If you are living with a medical condition, joining a clinical trial may give you access to a new potential treatment before it is publicly available. Just as importantly, it can help researchers understand how this potential treatment affects the body and increase their knowledge about the disease and how to treat it. Participation can also play a vital role in helping others who have a similar condition, both now and in the future. Healthy volunteers in trials contribute to this medical progress as well by helping understand the effect of the potential treatment and any safety concerns.
As with all medical records, participant privacy and confidentiality in trials are protected by law. Once consent is signed, you will be given a trial code. Your trial records will not include your name or personal identity but will identify you with a trial code. This code can only be tracked back to you via a code key which is held by the responsible physician. Your name or personal identity will never be disclosed.
Yes, participants are volunteers and may withdraw from a clinical trial at any time.
A placebo is an inactive version of an intervention that is not intended to provide any medical benefit. It is designed to look the same as the active intervention, so the participant and research team do not know it is a placebo. The placebo is used by comparison to confirm any effects of the intervention being studied, if no approved intervention is available.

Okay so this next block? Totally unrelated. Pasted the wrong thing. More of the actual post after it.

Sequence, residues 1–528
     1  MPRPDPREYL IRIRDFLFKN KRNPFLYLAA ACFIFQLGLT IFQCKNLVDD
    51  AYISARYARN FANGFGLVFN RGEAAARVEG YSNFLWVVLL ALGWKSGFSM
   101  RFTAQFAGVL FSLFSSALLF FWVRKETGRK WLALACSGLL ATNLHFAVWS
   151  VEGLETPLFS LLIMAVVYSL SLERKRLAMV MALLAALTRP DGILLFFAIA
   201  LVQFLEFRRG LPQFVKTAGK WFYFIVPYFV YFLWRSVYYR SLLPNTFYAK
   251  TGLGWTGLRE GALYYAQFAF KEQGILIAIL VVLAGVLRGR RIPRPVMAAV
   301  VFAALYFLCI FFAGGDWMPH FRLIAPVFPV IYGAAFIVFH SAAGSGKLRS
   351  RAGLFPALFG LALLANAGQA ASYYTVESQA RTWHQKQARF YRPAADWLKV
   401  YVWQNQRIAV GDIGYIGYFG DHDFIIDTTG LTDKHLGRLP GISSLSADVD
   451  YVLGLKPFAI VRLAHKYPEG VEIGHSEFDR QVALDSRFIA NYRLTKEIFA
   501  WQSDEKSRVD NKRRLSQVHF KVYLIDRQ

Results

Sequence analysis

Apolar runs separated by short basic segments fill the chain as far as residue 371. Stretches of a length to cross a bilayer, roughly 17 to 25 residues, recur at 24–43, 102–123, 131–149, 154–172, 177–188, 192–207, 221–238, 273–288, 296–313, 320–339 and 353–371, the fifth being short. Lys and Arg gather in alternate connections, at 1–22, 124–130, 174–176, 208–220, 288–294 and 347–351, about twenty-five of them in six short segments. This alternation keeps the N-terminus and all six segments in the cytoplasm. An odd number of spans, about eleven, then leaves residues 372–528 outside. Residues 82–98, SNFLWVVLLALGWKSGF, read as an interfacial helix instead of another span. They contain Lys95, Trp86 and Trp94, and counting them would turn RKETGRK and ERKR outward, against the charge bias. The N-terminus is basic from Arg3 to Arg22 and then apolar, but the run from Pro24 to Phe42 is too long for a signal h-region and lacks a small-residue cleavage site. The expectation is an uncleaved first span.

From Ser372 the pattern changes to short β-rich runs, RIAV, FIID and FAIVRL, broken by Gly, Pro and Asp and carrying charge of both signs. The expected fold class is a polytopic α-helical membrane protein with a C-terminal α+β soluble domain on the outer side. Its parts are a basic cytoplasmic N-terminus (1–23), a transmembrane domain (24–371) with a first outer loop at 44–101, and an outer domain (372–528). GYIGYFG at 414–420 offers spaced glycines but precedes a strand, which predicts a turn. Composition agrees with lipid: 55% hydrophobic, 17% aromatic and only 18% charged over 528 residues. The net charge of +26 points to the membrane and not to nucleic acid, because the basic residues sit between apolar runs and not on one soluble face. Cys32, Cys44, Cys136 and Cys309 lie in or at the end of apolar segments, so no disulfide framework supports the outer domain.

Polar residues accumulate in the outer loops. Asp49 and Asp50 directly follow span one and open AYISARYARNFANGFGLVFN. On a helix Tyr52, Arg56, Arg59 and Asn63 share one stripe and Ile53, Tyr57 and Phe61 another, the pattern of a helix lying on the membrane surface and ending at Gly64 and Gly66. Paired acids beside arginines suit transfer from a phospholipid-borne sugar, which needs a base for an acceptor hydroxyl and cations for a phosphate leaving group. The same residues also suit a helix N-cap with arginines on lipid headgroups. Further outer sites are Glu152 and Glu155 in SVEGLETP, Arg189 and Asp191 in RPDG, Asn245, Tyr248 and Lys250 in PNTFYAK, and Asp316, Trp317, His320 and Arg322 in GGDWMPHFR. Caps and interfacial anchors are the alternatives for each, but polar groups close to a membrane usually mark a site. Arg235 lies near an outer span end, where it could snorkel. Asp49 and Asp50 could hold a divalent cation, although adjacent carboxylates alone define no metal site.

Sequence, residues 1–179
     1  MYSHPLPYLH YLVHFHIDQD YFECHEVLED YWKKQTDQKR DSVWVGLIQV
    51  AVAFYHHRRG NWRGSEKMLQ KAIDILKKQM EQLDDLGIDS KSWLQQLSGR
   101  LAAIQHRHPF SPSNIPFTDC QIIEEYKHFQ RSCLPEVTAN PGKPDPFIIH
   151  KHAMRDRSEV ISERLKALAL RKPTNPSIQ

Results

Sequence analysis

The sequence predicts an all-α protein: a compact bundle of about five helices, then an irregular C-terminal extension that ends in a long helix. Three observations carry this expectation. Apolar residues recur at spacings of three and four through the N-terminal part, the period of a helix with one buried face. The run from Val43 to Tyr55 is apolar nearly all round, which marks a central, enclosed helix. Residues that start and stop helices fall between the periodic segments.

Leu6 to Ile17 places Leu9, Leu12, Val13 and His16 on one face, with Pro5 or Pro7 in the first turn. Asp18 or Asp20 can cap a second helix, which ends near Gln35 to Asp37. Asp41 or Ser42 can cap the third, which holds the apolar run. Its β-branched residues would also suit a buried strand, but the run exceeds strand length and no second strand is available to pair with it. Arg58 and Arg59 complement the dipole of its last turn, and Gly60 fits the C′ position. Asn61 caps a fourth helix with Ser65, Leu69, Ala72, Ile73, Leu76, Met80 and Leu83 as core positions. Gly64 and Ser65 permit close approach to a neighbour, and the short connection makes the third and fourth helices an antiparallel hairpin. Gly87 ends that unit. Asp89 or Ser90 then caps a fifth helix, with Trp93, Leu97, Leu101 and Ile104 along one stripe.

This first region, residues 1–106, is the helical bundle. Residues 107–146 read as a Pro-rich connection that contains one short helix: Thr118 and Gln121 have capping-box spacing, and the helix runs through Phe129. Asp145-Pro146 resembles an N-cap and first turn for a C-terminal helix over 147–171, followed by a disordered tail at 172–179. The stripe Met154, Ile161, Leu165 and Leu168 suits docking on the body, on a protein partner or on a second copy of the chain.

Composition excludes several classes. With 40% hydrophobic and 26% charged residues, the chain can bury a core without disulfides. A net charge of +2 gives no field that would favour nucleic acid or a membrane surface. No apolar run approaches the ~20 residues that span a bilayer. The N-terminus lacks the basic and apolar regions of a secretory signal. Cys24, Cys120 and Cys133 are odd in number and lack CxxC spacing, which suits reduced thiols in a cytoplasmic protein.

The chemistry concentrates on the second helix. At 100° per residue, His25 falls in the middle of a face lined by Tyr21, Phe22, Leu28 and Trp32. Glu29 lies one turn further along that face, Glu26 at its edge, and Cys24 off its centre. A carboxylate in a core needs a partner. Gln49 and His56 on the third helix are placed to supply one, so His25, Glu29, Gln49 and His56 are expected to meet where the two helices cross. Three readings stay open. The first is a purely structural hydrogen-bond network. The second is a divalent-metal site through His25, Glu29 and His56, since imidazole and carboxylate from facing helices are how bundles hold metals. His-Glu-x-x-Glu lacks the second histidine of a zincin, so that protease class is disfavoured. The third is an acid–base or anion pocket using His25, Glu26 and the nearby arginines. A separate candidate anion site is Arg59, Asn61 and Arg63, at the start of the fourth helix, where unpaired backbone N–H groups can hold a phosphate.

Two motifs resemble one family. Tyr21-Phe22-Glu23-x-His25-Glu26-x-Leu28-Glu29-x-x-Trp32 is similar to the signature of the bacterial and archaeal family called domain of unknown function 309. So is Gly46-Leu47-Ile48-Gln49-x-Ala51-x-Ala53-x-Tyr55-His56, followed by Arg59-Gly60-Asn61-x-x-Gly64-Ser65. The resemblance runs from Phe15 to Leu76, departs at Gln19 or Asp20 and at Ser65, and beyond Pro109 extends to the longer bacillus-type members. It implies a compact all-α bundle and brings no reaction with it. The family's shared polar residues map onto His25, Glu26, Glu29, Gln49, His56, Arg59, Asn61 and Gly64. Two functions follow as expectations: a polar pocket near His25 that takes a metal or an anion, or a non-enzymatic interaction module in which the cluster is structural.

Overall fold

"Standard of care" is an intervention already approved for a specific health condition that is available publicly. Interventions in a clinical trial are still being tested to ensure safety and effectiveness.
Some clinical trials are designed to be "double blind" so both participants and researchers are unaware of which treatment group participants are assigned to. This prevents bias from affecting clinical trial data.
Your informed consent is required before being enrolled in a trial. This means you have been provided all relevant information about the study design, how you will participate, your right to withdraw at any time, study alternatives, your personal data protection and the associated risks and benefits. Informed consent is designed to protect patient safety and privacy.
Under FDA regulations, an Institutional Review Board (IRB) is a group that has been formally designated to review and monitor research at a hospital or institution involving human participants. In accordance with FDA regulations, an IRB has the authority to approve, require modifications in, or disapprove research.
Participants are always welcome to visit their usual healthcare providers during a trial. Sometimes, it is important for healthcare providers to collaborate with the research team to ensure success.
After your participation ends, the study may continue for months or years. Once final results from all participants are compiled and analyzed, they are often published publicly. Clinical study report (CSR) synopses and plain language summaries (PLSs) may be made available for certain studies. Check with your clinical trial site or send an email to [email protected] to learn more.
There are a wide variety of professionals involved with any clinical trial, all of whom are vital to ensuring safety and success. The principal investigator, or PI, leads the trial and directs the team of doctors, nurses and other healthcare workers. The clinical trial coordinator manages day-to-day activities and is the main contact for participants. Many clinical trials also have an independent Data and Safety Monitoring Board (DSMB) who periodically reviews data to ensure participant safety, and sometimes effectiveness.